The word K’ne•si•ya, (church) is almost identical to yesterday’s Hebrew Word beit k’ne•set (synagogue). Both relate to the function of the house of prayer: gathering [the believers for prayer and worship], and congregating.
The equality by which the Hebrew language defines the Jewish house of prayer, the synagogues, and the Christian house of prayer, the churches, is quite interesting in light of the fact that other faiths are defined differently. For example the prayer places of the Eastern faiths are called just “mik•dash,” a place of sanctification. There is a fine subtlety in this word. Although this was the name of the holy Temple in Jerusalem (beit ha•mik•dash) in days of antiquity, the absence of a Jewish (and Christian) holy Temple today hints that this word only relates to a place of worship of “others.”
The Muslim place of worship, the mosque is called in Hebrew: mis•gud. The root of this word is ancient and relates to the time before Islam when the Arab tribes were still idol worshippers, and it means “to bow down to, to worship, to honor” but mainly refers to idols. Obviously, Islam should be respected as a monotheistic religion which, like Christianity and Judaism, worships one God but the name for their place of worship still carries the connotation of the pre Islamic era.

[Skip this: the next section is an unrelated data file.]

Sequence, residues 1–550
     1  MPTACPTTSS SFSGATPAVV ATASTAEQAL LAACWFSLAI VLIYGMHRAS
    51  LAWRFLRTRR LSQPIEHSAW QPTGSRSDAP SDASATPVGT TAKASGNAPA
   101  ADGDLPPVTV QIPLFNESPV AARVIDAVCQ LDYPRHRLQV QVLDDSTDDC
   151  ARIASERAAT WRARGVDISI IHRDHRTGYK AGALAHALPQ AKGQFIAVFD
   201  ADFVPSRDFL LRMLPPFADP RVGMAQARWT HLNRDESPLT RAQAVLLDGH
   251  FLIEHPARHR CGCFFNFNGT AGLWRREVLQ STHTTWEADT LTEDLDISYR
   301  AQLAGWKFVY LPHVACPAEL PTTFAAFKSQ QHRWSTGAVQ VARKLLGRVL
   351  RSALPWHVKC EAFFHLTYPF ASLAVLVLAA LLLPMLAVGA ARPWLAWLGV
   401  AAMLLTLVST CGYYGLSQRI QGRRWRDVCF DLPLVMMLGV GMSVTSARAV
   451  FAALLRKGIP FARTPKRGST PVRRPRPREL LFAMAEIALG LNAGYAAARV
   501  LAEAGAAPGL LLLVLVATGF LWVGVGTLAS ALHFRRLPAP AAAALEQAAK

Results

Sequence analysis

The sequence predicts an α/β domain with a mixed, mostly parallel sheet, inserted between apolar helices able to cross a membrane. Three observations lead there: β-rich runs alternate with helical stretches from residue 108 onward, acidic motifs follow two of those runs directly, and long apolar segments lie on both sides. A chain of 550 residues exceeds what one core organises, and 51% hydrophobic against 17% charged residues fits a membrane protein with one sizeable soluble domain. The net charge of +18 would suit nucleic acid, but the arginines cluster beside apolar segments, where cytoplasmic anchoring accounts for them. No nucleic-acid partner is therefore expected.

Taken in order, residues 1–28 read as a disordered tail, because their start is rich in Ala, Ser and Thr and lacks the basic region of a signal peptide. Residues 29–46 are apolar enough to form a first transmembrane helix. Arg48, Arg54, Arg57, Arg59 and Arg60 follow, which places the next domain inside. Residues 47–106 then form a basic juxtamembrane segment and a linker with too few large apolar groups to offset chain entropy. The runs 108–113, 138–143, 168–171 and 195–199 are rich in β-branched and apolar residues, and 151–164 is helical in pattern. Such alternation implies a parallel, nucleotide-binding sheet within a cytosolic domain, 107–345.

Let’s stress the fact that the Temple in Jerusalem was holy for both the Jews and the early Christians who were basically Jews who accepted Jesus, Yeshua, as the Messiah. The holy place at the time for Jesus, Yeshua, was the Jerusalem Temple and was the only holy place for the followers until its destruction. (This was long before Islam emerged).
It’s important to understand that there was no difference between the synagogues in Jerusalem after the destruction and the places of worship of believers in Corinth, (Corinthians), Galatia, (Galatians), Ephesus, (Ephesians) and Thessalonica (today’s Thessaloniki), (Thessalonians). This is the historic reason for the proximity between beit k’ne•set and k’ne•si•ya and consequently a beautiful testimony to the deep ties between Christianity and its root and cradle – Judaism.